Letter to the Editor: Get it going

Low interest rate poses a Catch-22 situation.

Hundreds of billions of dollars are currently being hoarded away in CDs and savings accounts across the nation. The owners of these assets are the baby boomers who, because of their age, are not in a position to gamble in the stock market. The funds in these no-interest accounts are safe but are doing nothing to help the economy.

The federal government, in an effort to save Wall Street, has in essence placed one of the greatest taxes in American history on anyone with money in the bank. Imagine what would happen if the banks were forced to pay fair interest rates. The interest income from this treasure trove would flow back into the economy almost immediately. This renewed flow if spendable cash would create demand and spur real job development.

The federal government has given the banks and Wall Street a free ride on the backs of anyone who was smart enough to save rather than gamble on the stock market.

The banks have and still are sitting on this money, refusing to use it for business and housing development as intended.

It is time to end the “no-interest tax” and get this stolen money back into the hands of people who will spend it and end the recession.

Tony Costa

Marco Island

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Comments » 1

WhiskeyTangoFoxtrot writes:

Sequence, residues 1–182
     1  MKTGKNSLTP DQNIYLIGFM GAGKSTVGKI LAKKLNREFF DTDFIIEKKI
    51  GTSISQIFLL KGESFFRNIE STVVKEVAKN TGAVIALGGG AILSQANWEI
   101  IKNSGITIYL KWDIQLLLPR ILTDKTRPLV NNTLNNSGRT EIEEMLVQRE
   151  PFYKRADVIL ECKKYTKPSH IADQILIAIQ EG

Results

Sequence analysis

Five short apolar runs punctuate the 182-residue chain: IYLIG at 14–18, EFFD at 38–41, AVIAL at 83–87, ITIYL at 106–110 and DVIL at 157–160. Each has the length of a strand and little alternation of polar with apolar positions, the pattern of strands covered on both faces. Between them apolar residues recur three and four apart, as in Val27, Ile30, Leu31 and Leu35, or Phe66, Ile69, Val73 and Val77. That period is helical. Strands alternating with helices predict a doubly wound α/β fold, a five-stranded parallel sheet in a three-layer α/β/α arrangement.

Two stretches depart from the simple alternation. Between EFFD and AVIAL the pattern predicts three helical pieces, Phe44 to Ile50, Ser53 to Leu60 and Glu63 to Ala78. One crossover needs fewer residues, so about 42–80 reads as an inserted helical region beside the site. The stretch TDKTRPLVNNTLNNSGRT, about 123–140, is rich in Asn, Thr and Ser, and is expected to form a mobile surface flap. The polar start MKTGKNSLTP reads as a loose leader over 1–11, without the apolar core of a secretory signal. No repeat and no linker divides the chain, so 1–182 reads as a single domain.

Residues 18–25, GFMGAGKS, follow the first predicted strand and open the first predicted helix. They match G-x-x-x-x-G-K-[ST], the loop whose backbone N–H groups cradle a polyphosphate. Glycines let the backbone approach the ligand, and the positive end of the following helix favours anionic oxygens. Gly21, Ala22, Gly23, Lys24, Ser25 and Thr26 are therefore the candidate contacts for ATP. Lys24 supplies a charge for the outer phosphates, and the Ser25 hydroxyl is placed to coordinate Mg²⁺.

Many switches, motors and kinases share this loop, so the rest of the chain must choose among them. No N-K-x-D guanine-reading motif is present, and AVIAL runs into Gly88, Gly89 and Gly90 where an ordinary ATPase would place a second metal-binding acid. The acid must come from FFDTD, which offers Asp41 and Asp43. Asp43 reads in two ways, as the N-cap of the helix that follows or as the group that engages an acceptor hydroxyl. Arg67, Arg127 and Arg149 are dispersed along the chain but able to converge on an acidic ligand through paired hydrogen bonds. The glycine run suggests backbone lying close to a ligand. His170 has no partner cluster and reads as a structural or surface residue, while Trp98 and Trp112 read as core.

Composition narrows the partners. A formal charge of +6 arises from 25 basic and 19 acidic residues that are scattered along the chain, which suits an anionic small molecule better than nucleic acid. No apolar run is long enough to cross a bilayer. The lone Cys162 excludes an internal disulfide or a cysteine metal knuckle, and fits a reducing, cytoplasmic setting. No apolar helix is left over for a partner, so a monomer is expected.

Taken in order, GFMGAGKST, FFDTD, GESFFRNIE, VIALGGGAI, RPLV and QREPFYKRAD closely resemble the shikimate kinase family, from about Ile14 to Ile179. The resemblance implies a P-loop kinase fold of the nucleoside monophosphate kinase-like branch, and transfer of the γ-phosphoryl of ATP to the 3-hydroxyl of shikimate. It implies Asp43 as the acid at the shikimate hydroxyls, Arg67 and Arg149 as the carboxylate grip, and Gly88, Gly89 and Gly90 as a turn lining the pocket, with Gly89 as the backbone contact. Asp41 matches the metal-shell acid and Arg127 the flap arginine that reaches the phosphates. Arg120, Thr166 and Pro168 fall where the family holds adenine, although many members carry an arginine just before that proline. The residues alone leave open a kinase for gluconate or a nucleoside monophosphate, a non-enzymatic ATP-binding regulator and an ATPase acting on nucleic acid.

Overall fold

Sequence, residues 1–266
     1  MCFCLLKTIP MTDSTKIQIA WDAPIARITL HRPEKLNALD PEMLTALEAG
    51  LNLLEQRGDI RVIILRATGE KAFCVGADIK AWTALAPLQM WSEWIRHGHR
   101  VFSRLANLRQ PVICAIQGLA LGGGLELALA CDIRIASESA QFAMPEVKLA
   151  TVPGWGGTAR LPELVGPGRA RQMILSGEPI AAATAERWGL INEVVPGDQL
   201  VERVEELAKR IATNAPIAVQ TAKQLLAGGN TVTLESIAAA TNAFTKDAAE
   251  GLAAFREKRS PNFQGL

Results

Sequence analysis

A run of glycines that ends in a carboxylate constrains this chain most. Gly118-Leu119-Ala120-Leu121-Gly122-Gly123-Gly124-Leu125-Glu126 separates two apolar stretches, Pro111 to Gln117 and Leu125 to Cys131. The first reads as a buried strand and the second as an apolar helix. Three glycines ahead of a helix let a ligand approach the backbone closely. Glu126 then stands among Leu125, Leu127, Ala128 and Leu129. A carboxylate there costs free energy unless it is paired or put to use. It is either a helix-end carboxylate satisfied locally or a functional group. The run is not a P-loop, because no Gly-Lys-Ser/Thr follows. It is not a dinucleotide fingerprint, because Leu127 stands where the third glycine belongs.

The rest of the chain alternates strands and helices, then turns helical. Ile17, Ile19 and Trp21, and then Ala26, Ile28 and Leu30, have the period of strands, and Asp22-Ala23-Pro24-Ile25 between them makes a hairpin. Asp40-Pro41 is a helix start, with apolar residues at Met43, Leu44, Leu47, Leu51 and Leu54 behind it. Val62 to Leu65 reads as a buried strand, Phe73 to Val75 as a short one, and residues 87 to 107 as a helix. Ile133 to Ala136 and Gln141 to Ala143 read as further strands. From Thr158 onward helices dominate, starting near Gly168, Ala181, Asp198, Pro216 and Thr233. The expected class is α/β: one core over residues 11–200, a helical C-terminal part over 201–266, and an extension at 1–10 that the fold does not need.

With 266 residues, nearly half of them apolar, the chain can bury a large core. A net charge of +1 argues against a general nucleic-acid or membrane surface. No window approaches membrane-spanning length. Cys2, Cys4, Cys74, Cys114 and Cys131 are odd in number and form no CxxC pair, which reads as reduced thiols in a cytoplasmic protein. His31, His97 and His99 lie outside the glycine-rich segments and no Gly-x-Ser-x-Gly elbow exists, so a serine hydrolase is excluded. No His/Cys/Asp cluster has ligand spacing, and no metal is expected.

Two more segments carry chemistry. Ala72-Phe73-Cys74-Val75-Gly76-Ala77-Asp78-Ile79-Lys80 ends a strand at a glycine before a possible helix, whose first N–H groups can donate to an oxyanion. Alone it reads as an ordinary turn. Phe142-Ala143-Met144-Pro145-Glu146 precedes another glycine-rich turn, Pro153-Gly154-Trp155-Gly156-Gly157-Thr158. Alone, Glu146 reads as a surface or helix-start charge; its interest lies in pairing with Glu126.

Not only that but pension funds rely on a return on investments in bonds. Current rates will destroy these funds. Calpers, the largest private pension fund earned a 1% return last year. The fund managers had predicted a 7.5% return. Some real geniuses there!

Unfortunately rates will never be allowed to rise by the Fed or .gov. Why, because there is no real capital being reinvested. Business is being funded with debt. If these corporations are forced to role existing debt at higher rates they are toast. This is deflationary and the Bernanke will never let that happen.

Then there is the $16 trillion in national debt. If rates go back to 6% or 7% the country is toast. See Spain, Greece, Italy, etc. The Spaniards are crying due to 7%. This game will be played until it can't. When bond holders begin to lose confidence and demand higher yield the game will end. How much longer can the game continue? That is the $16 trillion (and rising) question!

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